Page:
Utah homeowners who want to enhance their residential landscape with amazing shade trees and shrubs should look no further. Whether you live in the Rocky Mountains, the Basin and Ridge Region or the Colorado Plateau, we can fix you up with trees and shrubs to suit your needs.
The Beehive State enjoys a climate typical to any arid region with a relatively high altitude. The majority of the state is desert due to the rain shadow affect and inland location of the Sierra Nevada Mountains. Desert regions have high summer temperatures and the mountain regions are obviously cooler. These are important considerations to bear in mind when you are considering trees and shrubs to plants in your Utah residential landscape.
The Best Trees for Planting in Utah
The Royal Empress tree is practically indestructible and is a great match even for Utah’s coldest climate zones. Other hardy, rapidly growing trees include the popular American Sycamore which grows up to six feet each year and the adaptable River Birch.
When you want to add a daring splash of color, consider our red knockout roses with their long-lasting blooms, the disease-resistant Autumn Blaze Maple, the graceful Weeping Cherry, or the Red Rocket Crape with its extended flowering season.
Perhaps you want to increase the privacy of your property or add a wind breaker, if so, consider planting a row of Thuja Emerald Green, Cryptomeria Radicans or Drought Free Evergreens. These quicck growing, feathery evergreens will enhance the beauty of your property’s boundary with their year-round dark green color, while adding a sense of security.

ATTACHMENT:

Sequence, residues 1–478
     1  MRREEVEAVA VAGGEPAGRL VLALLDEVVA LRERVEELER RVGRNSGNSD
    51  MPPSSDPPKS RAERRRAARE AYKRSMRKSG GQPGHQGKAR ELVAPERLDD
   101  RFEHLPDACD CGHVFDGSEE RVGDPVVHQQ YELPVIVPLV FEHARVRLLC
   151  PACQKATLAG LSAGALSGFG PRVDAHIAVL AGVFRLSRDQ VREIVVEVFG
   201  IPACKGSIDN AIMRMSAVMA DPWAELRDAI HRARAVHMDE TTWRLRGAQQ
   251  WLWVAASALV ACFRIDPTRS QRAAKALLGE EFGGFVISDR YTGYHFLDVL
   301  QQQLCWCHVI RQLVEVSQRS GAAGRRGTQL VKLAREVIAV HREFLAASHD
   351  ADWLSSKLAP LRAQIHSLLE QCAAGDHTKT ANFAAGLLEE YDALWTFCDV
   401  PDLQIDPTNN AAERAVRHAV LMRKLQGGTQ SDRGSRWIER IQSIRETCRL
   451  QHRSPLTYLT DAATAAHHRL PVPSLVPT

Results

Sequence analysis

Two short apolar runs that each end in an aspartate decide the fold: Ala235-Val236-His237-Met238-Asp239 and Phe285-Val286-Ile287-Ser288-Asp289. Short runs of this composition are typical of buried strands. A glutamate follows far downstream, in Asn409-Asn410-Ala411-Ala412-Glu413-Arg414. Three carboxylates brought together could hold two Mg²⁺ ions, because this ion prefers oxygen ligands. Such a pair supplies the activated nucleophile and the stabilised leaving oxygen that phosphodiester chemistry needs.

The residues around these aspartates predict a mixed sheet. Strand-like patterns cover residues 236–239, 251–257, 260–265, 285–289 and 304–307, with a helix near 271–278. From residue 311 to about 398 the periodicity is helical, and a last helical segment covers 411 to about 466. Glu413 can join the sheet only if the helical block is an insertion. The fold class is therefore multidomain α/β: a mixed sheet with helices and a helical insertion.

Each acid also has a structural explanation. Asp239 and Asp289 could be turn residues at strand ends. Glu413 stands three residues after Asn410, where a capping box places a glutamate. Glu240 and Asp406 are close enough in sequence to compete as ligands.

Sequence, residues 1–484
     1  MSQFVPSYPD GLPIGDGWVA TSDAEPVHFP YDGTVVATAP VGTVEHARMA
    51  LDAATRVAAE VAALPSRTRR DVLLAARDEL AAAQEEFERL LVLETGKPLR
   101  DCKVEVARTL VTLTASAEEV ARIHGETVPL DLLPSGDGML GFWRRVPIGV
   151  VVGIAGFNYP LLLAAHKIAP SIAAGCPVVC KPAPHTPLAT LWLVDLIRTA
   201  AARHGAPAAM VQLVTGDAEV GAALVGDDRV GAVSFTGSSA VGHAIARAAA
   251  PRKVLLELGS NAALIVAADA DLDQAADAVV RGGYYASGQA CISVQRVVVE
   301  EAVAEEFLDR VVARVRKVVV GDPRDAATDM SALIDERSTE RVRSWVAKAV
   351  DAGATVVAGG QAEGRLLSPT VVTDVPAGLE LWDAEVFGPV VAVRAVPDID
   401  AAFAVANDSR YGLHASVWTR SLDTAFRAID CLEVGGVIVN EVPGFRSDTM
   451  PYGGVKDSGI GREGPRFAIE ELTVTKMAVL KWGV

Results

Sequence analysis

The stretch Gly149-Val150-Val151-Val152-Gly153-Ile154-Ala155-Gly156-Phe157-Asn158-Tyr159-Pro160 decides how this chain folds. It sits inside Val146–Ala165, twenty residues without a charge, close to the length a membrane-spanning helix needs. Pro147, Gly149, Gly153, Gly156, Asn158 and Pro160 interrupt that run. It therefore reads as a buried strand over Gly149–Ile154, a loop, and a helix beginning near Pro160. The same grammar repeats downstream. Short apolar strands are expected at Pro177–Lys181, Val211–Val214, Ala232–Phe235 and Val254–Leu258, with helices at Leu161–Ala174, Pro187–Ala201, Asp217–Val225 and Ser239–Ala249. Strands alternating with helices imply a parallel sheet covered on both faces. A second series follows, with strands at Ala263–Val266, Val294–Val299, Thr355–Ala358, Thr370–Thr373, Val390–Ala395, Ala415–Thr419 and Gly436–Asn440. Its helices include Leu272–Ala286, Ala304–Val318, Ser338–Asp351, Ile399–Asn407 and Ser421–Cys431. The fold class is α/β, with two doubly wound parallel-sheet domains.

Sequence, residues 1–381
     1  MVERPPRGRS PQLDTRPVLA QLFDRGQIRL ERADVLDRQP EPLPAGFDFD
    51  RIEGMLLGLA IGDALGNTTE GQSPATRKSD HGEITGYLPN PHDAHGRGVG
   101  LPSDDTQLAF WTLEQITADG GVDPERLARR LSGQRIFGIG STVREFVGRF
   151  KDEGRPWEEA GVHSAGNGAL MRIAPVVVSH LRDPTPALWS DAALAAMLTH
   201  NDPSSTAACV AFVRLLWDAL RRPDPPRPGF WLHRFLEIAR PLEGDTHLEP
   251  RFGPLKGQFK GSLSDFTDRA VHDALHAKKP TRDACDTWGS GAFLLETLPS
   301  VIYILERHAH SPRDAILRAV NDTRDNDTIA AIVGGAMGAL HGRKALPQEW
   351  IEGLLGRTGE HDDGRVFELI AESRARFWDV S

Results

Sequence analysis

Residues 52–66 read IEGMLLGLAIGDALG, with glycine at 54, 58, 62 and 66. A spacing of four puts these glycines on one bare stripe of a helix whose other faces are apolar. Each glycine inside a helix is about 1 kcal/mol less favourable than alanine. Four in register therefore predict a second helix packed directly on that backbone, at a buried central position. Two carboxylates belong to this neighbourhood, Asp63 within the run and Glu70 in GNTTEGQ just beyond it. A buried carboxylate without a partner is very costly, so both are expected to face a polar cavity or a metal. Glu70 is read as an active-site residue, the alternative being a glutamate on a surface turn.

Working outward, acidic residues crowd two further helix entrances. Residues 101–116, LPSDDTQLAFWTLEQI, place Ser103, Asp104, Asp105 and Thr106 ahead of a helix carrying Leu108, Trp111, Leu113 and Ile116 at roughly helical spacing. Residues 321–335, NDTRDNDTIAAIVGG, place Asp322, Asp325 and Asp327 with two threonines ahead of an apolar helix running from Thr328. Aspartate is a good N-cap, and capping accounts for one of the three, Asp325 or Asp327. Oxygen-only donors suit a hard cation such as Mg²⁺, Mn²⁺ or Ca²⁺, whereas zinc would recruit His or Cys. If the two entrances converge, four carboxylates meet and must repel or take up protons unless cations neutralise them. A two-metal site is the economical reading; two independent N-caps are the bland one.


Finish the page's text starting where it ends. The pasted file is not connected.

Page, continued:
A Large Variety of Trees for Utah
Wherever you live from Logan to Lake Powell, Salt Lake to Bryce Canyon, or Vernal to St. George, you’ll find what you’re looking for by going to ACG Sprinklers..
Utah’s state tree is the Blue Spruce. This tree has long green-blue needles and 2-4 inch-long, light brown cones. The Blue Spruce reaches heights of 25-98 feet. It has many cultivars that are grown for Christmas trees and ornamental trees.
Utah’s state soil is the Mivida. This red, fine, sandy loam covers more than 200,000 acres throughout the state of Utah. It is used mostly for irrigated crop land, and wild life. It is also suitable for growing trees and shrubs. If you find your Utah soil unsuitable. It can easily be amended by adding organic matter such as compost, and a good fertilizer.
Utah natural landscapes are often a mixture of hardy shade trees and flowering trees and shrubs that thrive in the Constitution State as well as fruit trees and evergreens. Choosing trees that can adapt to your climate zone and soil types will make caring for your landscape a breeze.